Creating an Ansible Inventory file using Jinja templating

While there are lots of tools in Ansible for generating an inventory file dynamically, in a system like this, you might want to be able to perform additional operations against the same cluster. For example, once the cluster has been running for a few months, you might want to do a Yum update. Eventually, you want to de-provision. Thus, having a remote record of what machines make up a particular cluster can be very useful. Dynamic inventories can be OK, but often it takes time to regenerate the inventory, and that may slow down an already long process, especially during iterated development.

So, I like to generate inventory files. These are fairly simple files, but they are not one of the supported file types in Ansible. Ansible does support ini files, but the inventory files have maybe lines that are not in key=value format.

Instead, I use Jinja formatting to generate inventory files, and they are pretty simple to work with.

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Getting Shade for the Ansible OpenStack modules

When Monty Taylor and company looked to update the Ansible support for OpenStack, they realized that there was a neat little library waiting to emerge: Shade. Pulling the duplicated code into Shade brought along all of the benefits that a good refactoring can accomplish: fewer cut and paste errors, common things work in common ways, and so on. However, this means that the OpenStack modules are now dependent on a remote library being installed on the managed system. And we do not yet package Shade as part of OSP or the Ansible products. If you do want to use the OpenStack modules for Ansible, here is the “closest to supported” way you can do so.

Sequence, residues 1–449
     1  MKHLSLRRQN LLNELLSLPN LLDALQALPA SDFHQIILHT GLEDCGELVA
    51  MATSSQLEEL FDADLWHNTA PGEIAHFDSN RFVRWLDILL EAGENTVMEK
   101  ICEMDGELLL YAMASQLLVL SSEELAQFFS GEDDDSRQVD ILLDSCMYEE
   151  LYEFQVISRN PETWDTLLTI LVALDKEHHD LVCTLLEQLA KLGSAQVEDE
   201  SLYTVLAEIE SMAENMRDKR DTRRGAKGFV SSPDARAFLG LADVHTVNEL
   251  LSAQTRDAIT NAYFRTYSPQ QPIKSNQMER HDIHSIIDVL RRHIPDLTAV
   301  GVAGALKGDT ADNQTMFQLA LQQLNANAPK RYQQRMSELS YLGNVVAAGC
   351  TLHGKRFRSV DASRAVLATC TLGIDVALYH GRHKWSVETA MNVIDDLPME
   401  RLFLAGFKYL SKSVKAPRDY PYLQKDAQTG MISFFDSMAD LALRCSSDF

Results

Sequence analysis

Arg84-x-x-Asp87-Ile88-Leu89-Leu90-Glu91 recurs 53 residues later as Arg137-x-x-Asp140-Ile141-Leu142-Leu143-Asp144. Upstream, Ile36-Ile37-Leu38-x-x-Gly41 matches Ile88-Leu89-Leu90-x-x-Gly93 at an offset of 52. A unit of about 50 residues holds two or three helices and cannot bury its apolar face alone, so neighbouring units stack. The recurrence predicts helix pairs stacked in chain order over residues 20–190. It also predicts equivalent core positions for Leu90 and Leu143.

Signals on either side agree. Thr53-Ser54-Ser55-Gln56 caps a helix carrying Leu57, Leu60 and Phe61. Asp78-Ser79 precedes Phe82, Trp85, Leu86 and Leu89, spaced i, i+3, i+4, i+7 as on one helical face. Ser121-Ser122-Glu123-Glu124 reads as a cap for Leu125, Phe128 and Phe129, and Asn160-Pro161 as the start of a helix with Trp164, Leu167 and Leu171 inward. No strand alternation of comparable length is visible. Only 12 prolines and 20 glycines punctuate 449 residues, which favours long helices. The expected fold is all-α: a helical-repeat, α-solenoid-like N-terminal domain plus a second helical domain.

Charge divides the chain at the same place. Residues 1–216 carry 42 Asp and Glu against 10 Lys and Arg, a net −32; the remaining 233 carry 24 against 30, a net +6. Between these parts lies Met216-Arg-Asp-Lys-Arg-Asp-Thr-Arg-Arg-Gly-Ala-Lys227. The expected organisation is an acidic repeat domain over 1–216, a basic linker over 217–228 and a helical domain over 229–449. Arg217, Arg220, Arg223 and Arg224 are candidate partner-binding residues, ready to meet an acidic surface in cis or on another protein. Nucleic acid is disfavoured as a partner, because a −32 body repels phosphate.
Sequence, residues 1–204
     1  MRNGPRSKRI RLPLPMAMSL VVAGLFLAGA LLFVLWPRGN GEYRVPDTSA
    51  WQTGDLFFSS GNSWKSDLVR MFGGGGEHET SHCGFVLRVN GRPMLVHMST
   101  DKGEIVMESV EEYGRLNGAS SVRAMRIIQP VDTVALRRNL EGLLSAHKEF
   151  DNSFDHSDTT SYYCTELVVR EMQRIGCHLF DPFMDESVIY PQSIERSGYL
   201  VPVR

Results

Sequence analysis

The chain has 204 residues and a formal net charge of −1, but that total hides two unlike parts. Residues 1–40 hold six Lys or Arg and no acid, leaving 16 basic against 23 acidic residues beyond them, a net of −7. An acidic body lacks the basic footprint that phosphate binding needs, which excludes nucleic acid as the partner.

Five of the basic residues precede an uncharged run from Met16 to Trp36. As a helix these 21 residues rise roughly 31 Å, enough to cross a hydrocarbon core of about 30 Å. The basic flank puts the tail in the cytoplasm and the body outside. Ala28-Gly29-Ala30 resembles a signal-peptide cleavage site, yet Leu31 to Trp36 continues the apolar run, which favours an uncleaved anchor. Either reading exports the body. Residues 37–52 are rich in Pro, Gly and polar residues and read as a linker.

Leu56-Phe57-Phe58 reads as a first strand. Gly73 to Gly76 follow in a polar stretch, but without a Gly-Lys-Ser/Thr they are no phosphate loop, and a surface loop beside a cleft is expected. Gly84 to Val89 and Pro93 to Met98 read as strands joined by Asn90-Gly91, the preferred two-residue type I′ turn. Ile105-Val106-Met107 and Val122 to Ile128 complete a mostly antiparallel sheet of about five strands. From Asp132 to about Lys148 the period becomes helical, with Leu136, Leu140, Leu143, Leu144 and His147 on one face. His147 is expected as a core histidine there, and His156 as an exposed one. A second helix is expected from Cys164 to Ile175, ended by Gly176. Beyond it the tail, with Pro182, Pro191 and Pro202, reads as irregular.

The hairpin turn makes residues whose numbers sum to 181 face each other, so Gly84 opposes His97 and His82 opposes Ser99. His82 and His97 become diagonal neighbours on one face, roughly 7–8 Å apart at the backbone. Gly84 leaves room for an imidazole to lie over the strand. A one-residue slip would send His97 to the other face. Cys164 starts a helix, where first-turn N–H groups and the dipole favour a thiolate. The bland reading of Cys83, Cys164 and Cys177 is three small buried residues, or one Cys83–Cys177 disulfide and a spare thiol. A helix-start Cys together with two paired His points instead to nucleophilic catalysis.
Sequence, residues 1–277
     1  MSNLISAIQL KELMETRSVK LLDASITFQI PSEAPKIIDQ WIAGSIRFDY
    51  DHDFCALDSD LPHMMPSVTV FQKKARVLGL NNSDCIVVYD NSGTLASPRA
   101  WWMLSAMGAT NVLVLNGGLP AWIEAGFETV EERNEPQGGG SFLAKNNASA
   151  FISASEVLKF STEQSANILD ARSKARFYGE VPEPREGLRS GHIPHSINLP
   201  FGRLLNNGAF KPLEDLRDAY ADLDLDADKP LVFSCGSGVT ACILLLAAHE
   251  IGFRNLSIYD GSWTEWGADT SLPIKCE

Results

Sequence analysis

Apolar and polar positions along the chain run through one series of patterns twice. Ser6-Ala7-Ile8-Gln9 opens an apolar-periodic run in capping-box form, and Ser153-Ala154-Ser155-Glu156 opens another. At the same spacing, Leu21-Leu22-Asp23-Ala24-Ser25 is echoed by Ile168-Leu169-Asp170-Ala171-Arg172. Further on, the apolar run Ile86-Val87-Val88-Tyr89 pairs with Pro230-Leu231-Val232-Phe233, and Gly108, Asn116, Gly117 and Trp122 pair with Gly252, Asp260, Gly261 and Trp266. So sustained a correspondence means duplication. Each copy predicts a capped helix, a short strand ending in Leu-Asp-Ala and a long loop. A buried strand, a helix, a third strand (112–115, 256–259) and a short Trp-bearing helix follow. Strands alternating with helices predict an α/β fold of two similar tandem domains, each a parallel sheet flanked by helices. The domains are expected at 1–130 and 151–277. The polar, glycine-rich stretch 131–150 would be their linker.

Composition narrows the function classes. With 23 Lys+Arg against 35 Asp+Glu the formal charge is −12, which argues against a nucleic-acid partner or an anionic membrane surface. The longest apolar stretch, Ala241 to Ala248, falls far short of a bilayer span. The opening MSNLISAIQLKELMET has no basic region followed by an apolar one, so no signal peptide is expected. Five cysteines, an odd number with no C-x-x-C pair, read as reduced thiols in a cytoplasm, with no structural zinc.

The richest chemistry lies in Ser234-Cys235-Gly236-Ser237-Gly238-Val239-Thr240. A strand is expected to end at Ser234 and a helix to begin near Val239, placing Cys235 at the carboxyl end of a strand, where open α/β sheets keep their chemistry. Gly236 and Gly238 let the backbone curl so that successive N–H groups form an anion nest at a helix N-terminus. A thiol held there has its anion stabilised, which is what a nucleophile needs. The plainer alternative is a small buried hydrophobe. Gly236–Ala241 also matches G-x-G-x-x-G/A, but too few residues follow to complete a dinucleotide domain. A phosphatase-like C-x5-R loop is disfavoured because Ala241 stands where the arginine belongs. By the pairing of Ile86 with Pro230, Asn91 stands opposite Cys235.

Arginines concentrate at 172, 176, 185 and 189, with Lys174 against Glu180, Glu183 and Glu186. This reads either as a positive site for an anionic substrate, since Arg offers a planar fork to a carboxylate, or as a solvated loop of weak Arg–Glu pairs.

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Installing OpenShift Origin via Ansible on Fedora 25

While many people referred me to run one of the virtualized setups of OpenShift, I wanted something on baremetal in order to eventually test out KubeVirt.  Just running

oc cluster up

As some people suggested did not work, as it assumes prerequisites are properly set up;  the docker registry was one that I tripped over.  So, I decided to give openshift-ansible a test run.  Here are my notes.

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Rippowam

Ossipee started off as OS-IPA. As it morphed into a tool for building development clusters,I realized it was more useful to split the building of the cluster from the Install and configuration of the application on that cluster. To install IPA and OpenStack, and integrate them together, we now use an ansible-playbook called Rippowam.

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